By CJ Dube’

One of the core EOS® Tools for helping a leader determine whether someone is in the right seat is GWC, which stands for Get it, Want it, and has the Capacity to do it.

When evaluating whether someone GWC’s their job, you must ask three questions and answer either “Yes” or “No” to each one. “Maybe” is NOT an option:

  1. Do they Get it?
  2. Do they Want it?
  3. Do they have the Capacity to do it?

If anyone of the three answers is “No,” then that person is in the wrong seat.

It’s a very simple and powerful exercise, but when leaders begin to use this tool, they sometimes experience confusion between “Get it” and “Capacity.” Here’s the difference.

GET IT

“Get it” has to do with a deep understanding of the business function and associated roles. When someone gets it, all of the neurons in his or her brain connect when it comes to functioning in the role. He or she has a feel for all of the ins and outs of the position.  It’s their genetic coding.

A “No” in getting it is non-negotiable and isn’t solvable. If the person doesn’t “Get it,” it’s time to find someone who does.

CAPACITY TO DO IT

“Capacity” has to do with talent, skills, abilities, time, and knowledge. When someone has the capacity, he or she is capable of doing the work that needs to be done.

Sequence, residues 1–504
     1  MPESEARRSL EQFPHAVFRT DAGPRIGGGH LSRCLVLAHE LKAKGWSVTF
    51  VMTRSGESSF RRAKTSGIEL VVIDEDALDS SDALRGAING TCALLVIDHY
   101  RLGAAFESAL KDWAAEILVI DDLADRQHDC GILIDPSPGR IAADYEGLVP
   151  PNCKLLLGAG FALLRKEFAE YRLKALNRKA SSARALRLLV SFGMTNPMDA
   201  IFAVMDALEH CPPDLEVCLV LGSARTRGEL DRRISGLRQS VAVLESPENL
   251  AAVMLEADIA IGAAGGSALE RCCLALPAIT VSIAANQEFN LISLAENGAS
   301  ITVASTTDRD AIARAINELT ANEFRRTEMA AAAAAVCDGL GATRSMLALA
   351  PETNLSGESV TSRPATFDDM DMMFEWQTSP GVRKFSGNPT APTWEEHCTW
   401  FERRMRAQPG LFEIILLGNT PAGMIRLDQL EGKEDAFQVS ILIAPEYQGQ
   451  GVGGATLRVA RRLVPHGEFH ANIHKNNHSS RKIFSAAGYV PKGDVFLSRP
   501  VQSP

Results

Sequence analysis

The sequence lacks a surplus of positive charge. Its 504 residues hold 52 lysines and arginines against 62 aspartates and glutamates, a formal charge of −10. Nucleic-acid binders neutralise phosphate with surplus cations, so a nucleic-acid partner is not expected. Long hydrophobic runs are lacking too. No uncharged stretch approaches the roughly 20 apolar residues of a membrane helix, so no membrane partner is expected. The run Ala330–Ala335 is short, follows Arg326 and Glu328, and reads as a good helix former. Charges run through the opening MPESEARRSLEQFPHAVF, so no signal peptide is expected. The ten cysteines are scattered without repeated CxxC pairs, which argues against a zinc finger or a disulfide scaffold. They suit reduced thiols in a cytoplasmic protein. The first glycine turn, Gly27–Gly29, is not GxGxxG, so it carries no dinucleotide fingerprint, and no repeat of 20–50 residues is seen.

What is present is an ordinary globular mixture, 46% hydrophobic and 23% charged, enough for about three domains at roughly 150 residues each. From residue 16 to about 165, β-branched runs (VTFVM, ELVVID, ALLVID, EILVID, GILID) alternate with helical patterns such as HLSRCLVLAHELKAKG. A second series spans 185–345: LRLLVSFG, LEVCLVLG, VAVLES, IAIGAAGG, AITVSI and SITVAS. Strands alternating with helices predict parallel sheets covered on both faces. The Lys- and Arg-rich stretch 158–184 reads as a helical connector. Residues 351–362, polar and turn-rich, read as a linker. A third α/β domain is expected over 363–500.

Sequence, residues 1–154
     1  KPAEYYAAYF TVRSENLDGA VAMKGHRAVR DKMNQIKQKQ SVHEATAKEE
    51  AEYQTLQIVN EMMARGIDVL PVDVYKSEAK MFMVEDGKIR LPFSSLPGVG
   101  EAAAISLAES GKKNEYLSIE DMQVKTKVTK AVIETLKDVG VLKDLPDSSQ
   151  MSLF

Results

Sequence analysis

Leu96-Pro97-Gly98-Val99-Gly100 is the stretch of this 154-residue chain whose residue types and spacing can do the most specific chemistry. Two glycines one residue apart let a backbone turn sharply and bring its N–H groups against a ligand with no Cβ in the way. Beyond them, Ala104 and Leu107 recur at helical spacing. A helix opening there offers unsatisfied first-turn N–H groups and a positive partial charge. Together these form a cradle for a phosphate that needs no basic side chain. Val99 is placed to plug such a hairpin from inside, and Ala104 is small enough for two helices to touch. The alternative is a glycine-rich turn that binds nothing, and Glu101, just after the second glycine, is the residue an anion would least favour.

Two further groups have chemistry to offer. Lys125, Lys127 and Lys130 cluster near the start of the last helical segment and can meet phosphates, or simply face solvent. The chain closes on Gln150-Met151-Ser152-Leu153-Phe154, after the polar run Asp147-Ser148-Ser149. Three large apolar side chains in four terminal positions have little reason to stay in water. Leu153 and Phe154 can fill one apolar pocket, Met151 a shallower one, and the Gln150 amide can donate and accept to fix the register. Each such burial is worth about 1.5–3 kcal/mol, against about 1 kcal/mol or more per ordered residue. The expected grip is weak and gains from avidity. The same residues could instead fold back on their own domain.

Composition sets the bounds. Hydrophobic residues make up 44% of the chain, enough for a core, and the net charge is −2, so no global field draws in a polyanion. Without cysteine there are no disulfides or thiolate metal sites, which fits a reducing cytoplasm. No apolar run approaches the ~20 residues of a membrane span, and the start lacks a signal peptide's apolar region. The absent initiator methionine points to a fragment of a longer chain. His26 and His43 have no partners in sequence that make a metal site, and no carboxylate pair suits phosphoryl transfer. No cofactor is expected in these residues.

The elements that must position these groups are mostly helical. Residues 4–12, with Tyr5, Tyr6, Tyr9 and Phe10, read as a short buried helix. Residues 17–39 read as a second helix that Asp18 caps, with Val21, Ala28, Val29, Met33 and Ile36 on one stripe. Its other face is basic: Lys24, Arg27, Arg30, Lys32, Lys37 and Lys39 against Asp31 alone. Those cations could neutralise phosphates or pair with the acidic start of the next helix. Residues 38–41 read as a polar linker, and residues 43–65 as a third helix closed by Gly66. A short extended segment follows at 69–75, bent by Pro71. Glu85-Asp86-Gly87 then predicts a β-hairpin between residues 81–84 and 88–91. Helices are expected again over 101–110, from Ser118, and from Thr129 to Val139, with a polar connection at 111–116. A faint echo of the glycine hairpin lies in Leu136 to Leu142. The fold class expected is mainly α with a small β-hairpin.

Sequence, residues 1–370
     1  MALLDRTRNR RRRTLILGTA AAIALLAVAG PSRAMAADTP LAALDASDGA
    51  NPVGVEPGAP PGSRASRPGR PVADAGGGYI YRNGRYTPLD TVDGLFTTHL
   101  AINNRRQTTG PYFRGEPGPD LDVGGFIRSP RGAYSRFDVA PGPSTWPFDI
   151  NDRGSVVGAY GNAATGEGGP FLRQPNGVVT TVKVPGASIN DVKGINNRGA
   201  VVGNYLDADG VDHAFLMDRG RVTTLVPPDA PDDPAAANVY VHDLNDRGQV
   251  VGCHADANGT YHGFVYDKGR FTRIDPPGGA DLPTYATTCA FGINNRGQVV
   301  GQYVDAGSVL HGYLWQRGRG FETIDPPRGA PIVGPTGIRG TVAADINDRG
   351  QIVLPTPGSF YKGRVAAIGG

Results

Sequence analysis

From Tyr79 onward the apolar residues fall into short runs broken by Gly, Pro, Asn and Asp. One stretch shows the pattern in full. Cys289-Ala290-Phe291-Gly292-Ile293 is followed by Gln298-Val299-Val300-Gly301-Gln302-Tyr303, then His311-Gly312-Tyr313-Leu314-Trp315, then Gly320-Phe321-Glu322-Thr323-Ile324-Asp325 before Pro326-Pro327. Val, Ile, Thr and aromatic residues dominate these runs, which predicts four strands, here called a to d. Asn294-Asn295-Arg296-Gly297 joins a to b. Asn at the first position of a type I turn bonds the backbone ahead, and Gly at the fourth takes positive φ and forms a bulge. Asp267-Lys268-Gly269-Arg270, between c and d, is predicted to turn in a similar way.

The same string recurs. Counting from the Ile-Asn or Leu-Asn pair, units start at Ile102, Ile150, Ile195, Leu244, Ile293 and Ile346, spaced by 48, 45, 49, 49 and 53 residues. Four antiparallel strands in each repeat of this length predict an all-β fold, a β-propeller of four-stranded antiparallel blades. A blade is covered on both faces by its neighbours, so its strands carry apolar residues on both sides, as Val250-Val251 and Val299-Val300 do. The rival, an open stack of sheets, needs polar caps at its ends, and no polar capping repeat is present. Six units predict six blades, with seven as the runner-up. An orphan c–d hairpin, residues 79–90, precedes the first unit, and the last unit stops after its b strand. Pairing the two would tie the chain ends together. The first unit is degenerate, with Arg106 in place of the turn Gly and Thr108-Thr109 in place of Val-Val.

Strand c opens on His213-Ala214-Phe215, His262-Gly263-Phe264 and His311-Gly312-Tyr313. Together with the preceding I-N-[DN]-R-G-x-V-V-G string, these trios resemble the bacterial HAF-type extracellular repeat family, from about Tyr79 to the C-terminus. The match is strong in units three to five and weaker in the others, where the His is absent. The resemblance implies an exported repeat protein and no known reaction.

Sometimes a “No” here is solvable. While a problem of capacity can be solved, it is rare. If you believe the right person can gain the capacity and you’re willing to invest the time, resources, and energy for him or her to do so, do it.

Unfortunately, most growing organizations need the seat filled completely now and they don’t have the luxury of waiting one to three years for someone to gain the capacity. Sometimes it’s a time capacity issue that can be solved by helping the person delegate and elevate to have enough time to do the job well.

IS EVERYONE IN THE RIGHT SEAT?

With “Get it” and “Capacity” now clear, think about all of your people right now. Is anyone sitting in a seat who doesn’t get, want, or have the capacity to do the job? If any of the three answers is “No,” you must make a change. You owe it to the company and to that person.

Editor’s Note: This post was originally published on February 14, 2018